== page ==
Removing Painted Popcorn Ceilings

Popcorn Ceilings are really so over. They were another ‘innovation’ by builders to cut the cost of construction. Calling them Acoustic Ceilings was more of a marketing ploy rather than any serious sound deadening benefit.  Vermiculite and some sort of water based paint, they were fast and cheap. Tape, cover coat, and spray. No sanding No priming, just spray thick and move on to the next house.

Builders loved this shit, and real estate agents cried ‘elegance’.  A few years down the road, they turned gray from dust or an ivory yellow depending on how much you smoked.  Spiders loved them for all the anchor points for their webs. Sweeping them to get rid of the webs created more mess and loosened up what was left so you had a light snowfall over time. Painting them is an option, but is expensive. Since there is no primer, what ever paint you used, you would need twice as much, and the only useful color was white.

If you are ‘lucky’ enough to have popcorn that has been painted, removal is not as hard as you might think. Here is a ceiling that fits the bill.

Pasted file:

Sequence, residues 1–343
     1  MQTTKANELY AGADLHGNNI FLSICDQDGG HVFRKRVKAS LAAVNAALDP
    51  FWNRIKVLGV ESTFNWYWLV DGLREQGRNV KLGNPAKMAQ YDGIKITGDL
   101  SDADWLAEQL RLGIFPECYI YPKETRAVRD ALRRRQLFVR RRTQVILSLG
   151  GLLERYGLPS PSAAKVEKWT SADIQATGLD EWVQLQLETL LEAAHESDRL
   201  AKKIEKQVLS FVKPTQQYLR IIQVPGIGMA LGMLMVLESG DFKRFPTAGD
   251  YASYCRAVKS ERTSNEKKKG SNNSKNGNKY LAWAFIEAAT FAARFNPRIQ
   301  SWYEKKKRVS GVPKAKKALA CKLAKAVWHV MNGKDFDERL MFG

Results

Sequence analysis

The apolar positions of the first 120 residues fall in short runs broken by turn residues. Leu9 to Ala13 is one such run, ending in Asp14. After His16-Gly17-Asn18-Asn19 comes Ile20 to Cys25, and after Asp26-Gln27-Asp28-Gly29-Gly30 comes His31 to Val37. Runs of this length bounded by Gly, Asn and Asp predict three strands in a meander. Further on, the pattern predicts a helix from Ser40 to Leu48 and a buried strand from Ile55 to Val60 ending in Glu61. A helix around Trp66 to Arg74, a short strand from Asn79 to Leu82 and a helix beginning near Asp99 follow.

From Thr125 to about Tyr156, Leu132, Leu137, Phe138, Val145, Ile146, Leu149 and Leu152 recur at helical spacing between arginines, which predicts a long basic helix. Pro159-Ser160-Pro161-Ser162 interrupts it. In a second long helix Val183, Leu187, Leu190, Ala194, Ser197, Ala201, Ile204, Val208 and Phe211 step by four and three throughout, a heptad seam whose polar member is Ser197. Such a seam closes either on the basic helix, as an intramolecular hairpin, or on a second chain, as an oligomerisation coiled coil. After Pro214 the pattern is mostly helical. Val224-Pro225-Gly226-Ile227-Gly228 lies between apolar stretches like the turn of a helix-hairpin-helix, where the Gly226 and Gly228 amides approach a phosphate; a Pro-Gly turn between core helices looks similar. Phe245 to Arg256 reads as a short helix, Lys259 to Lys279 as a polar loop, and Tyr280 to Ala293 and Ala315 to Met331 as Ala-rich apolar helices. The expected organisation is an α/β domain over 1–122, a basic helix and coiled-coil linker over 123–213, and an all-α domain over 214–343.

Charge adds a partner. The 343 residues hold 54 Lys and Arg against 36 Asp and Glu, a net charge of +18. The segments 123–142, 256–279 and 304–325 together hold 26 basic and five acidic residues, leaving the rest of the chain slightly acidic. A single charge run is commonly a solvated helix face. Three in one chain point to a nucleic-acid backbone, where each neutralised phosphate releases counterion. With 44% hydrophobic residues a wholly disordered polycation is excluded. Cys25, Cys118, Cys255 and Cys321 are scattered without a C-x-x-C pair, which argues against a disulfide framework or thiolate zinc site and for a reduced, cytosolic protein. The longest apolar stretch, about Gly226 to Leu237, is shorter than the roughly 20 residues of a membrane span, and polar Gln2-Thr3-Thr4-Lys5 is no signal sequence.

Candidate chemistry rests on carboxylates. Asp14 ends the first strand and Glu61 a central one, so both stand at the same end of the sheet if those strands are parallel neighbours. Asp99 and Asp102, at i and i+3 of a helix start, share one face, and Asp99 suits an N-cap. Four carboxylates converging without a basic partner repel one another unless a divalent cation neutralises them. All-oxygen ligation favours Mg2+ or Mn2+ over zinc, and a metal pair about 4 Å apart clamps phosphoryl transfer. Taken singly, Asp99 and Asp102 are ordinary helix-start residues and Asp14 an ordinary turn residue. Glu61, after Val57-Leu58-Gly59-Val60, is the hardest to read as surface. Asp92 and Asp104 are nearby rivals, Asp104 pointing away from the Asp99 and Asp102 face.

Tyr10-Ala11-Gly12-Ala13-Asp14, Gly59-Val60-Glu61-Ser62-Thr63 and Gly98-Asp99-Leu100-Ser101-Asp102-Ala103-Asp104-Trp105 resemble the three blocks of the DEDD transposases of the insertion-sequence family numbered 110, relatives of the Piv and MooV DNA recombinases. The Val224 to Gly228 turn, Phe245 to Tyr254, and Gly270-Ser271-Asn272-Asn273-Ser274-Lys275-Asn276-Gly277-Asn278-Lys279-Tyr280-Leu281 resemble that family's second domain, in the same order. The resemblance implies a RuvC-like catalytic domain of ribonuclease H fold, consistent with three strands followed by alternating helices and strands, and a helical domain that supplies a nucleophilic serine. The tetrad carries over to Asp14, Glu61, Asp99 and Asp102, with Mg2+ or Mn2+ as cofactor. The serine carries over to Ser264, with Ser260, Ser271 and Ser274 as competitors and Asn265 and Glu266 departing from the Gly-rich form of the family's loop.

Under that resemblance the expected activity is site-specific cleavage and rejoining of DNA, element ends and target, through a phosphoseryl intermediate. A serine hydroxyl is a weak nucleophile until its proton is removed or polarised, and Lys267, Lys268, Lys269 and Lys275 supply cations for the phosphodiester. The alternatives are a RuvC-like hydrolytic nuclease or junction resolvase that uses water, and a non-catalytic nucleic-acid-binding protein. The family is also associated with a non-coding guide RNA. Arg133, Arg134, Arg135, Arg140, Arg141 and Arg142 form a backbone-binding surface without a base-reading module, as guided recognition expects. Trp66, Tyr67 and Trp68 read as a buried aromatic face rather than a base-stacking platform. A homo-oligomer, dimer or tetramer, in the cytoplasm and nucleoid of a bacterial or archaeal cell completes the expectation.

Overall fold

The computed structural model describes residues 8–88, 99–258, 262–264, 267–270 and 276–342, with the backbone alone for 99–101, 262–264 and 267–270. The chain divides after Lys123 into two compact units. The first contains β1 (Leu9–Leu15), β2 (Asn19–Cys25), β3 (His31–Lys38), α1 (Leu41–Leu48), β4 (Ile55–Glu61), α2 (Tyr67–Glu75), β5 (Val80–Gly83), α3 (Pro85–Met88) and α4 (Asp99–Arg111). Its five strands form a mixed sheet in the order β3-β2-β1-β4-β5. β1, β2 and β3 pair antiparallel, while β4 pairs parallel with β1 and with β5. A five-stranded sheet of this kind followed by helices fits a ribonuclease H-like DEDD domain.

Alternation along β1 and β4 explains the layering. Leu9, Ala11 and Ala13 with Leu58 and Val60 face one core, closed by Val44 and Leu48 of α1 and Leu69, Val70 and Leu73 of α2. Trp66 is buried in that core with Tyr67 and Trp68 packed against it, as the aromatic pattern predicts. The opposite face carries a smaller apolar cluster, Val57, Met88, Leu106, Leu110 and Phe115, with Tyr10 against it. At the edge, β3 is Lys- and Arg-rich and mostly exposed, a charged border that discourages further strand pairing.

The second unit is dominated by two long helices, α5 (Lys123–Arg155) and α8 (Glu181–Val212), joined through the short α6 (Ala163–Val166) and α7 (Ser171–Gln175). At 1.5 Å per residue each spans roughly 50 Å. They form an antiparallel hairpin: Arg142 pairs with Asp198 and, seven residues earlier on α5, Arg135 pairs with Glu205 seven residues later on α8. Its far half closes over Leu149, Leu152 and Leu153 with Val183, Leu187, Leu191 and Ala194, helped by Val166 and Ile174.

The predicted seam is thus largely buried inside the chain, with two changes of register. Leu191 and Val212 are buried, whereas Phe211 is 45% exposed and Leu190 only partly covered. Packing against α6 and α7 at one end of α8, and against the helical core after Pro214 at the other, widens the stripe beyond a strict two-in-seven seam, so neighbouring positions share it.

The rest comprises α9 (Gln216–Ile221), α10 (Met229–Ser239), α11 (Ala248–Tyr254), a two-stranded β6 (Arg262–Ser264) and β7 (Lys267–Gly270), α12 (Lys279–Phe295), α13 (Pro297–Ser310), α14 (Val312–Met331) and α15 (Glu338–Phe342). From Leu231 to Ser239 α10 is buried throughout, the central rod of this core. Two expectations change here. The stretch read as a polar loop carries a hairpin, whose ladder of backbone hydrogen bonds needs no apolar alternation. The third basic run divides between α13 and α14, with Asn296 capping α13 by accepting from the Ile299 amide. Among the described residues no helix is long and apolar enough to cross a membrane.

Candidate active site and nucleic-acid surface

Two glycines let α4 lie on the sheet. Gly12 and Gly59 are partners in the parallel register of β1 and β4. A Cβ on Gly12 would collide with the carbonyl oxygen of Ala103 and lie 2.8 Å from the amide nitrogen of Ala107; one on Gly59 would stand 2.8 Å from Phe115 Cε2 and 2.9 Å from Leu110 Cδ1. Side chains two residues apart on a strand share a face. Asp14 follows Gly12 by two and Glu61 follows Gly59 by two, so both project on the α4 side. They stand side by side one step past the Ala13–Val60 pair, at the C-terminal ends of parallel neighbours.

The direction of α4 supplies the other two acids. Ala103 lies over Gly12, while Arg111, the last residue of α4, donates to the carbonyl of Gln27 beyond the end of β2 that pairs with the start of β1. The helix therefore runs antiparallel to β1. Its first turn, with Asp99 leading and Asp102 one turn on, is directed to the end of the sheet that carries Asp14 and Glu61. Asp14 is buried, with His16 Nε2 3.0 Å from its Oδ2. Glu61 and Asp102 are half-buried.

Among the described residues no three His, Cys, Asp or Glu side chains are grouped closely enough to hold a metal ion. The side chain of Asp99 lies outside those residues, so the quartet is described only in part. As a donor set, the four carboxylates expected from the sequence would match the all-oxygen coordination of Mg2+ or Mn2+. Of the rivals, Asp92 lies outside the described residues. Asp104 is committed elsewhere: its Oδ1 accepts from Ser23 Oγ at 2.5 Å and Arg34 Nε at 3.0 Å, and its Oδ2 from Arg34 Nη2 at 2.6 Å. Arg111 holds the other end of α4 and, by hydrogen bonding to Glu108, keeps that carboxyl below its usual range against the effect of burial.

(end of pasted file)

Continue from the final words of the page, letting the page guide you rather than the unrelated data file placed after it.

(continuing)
Yes it is a garage ceiling.The ‘Elegance’ is just oozing out. Originally this garage was cinder block and firewall drywall. Behind the ladder is the storage unit I built from the recycled materials left over from the Storage Project.

Since this is an unfinished  garage we will not be covering the floors for the first part. Details on Red Rosin Paper are here.

The first order of business is to bag the walls. Cover them with poly. I am using.7 mil 12′ wide poly and  blue painters tape.

Blue Painters tape does not leave residue like regular masking tape and comes off cleanly. The 12′ length insures that the plastic will reach the floor around cabinets and other things next to the walls. If you bag the room there is a whole lot less cleanup. Bag the entire room.

Here I overlapped the plastic over the doorway into the house. This allows access for stuff in the garage while this project is happening.

Scraping the ceiling works best with a 6 or 8” drywall mud knife at around a 30 degree angle. Push the knife away from you in a steady motion to remove the maximum amount of material as you go. Less sanding later. You can use a wider knife but you will get tired real quick. Take your time as if there are any nail pops your knife will catch on them. Here is a partway shot.

This house was taped using ‘tools’. these are expensive mechanical tools usually reserved for large commercial projects. There are two indicators. One is the same width on the seam and butt joints. The other is the straight lines over the nail holes.

You will have small gouges in the drywall that will be fixed with mud after you clean up the mess.

Next up will be filling the gouges, sanding and taping the joints.